Dead Dolphins in GOM: ‘Lesions In Lungs Are Indicative of Oil Toxicity’

Study Finds Link Between Dolphin Deaths, Oil Exposure

Scientists found most animals had lesions in lungs; BP disputes research findings

Most of the dolphins in the northern Gulf of Mexico that have died since the 2010 Deepwater Horizon oil spill suffered severe health problems consistent with petroleum exposure, according to a study backed by the federal government and published in a scientific journal Wednesday.

BP PLC, the main operator of the well that spilled, disputed the paper’s findings, saying the scientists had found no link between the oil spill and the dolphin deaths.

The paper, published in the peer-reviewed online scientific journal PLOS One, focused on 46 bottlenose dolphins found dead from 2010 to 2012 in waters off the coasts of Louisiana, Mississippi and Alabama, which had been hit by the oil spill. The scientists found most of the animals had lesions in their lungs and adrenal glands that caused many to die by disturbing their ability to regulate metabolism and blood pressure, and weakening their ability to fight infection.

The animals all had “significant life-threatening abnormalities” that were “consistent with the effects of petroleum products,” said Kathleen Colegrove, a veterinary pathologist from the University of Illinois who participated in the research.

Ms. Colegrove said some of the dolphins died of bacterial pneumonia. The severity of the disease in the bodies was the worst she had ever seen in 13 years of studying dead dolphins, she said.

Dolphins are highly susceptible to chemical exposure, and infections are more likely because they have large lungs, she said.

Stephanie Venn-Watson, a veterinary epidemiologist with the National Marine Mammal Foundation in San Diego who participated in the research, said the scientists could find “no remaining feasible alternative causes” for the lesions except petroleum exposure from the Deepwater Horizon spill.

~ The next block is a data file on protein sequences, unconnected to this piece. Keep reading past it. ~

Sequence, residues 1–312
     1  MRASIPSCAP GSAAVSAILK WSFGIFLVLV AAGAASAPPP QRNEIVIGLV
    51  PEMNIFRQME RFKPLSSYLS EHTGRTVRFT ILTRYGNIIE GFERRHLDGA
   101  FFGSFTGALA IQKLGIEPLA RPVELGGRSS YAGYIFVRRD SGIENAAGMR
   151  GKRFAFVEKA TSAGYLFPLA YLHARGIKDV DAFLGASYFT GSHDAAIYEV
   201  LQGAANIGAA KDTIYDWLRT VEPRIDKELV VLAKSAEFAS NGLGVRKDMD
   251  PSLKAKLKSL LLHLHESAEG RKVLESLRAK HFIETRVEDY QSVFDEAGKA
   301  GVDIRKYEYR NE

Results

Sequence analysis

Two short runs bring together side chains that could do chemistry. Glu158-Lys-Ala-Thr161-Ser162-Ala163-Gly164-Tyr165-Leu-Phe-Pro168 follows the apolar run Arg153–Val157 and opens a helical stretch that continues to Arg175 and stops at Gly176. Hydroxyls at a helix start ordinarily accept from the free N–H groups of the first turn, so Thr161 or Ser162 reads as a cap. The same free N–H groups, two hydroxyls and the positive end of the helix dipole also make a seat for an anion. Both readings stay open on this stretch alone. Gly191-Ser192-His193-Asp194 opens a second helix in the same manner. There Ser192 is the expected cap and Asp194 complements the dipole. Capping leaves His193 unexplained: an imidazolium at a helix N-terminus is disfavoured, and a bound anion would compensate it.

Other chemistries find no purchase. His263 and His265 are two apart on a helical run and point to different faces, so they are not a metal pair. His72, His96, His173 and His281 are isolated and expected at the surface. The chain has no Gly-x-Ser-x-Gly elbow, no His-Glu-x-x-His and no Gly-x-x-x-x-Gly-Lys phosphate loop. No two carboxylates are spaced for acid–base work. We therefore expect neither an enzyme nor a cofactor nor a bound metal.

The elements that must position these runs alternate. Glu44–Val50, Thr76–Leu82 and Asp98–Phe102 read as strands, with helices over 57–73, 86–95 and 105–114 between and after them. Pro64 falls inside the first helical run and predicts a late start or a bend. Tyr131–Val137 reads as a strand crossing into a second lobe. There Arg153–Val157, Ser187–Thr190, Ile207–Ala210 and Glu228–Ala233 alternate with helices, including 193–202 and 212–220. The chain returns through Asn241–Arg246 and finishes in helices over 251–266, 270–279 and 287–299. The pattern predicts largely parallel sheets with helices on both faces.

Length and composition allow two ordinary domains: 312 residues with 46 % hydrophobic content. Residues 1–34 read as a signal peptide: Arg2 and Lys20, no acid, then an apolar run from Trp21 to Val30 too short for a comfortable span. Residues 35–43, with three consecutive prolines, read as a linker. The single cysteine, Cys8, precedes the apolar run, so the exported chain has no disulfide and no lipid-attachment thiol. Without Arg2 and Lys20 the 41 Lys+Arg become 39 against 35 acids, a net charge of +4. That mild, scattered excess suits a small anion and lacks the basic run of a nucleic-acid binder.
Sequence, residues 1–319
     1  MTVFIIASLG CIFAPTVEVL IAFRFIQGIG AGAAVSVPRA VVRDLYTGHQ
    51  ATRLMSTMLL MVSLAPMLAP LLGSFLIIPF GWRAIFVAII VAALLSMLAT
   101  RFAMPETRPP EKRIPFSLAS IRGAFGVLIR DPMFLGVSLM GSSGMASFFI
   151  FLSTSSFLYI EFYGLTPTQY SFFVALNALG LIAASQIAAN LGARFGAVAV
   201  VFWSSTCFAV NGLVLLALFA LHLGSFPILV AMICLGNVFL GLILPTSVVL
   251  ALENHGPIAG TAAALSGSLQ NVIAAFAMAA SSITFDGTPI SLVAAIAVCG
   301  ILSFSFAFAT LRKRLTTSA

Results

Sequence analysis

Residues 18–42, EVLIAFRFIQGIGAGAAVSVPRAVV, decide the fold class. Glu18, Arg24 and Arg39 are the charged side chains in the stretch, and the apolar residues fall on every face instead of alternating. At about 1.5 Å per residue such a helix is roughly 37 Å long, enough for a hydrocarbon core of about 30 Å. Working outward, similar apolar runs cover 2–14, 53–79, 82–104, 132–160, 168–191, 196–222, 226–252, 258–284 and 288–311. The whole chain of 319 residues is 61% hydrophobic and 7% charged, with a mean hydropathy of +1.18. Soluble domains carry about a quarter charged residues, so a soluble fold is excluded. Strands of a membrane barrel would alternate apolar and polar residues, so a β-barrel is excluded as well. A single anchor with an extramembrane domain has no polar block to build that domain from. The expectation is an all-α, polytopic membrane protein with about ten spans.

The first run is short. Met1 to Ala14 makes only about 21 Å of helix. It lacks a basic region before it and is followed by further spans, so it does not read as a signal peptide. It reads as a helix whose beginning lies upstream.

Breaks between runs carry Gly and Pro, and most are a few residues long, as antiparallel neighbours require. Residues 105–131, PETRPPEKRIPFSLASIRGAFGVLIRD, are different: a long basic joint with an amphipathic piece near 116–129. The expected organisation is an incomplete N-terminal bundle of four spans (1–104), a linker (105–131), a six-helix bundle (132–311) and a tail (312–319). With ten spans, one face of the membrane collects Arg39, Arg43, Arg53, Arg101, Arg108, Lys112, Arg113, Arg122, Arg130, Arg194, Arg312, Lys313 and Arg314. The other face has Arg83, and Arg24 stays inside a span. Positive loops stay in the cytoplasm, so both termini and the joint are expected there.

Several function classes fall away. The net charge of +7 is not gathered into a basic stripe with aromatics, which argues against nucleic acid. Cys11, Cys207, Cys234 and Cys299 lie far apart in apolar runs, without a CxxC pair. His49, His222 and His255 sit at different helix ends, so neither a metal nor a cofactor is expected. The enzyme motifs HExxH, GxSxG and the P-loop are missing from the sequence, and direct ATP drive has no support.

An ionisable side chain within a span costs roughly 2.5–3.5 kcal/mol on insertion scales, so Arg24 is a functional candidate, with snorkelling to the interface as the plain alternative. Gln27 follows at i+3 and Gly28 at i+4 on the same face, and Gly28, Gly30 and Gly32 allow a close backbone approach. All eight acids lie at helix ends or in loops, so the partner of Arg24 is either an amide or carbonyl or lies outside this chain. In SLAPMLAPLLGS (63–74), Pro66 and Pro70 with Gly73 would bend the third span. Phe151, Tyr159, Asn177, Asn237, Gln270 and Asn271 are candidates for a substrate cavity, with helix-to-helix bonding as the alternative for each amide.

BP issued a statement saying the study proved no connection between the disaster and the dolphin die-off, which actually began several months before the oil spill. The National Oceanic and Atmospheric Administration lists the die-off as having started in February 2010, while the spill was in April.

“Correlation is not evidence of causation,” wrote BP spokesman Geoff Morrell.

The paper published Wednesday follows previous studies suggesting a connection between the oil spill and a dolphin die-off in the gulf. In 2013, scientists with NOAA published a paper showing that living dolphins in Barataria Bay, La., showed severe lung diseases associated with oil contamination.

In April 2010, an explosion occurred on the Deepwater Horizon drilling rig about 40 miles off the Louisiana coast, after a blowout of a well 5,000 feet below the ocean surface. BP was a majority owner of the well. Over 87 days, oil slicks spread across open water and fouled more than 1,000 miles of coastline. It was the worst offshore oil spill in U.S. history.

The study is part of a process led by NOAA called Deepwater Horizon Natural Resource Damage Assessment. If studies find a link between the spill and any damage, BP will be expected to pay compensation, though the company can appeal findings in court.

Ms. Colegrove said research on dolphins in the area where the oil spill occurred will continue.

“It really could be many years before we receive the full effects of the oil spill on the dolphin populations,” she said.


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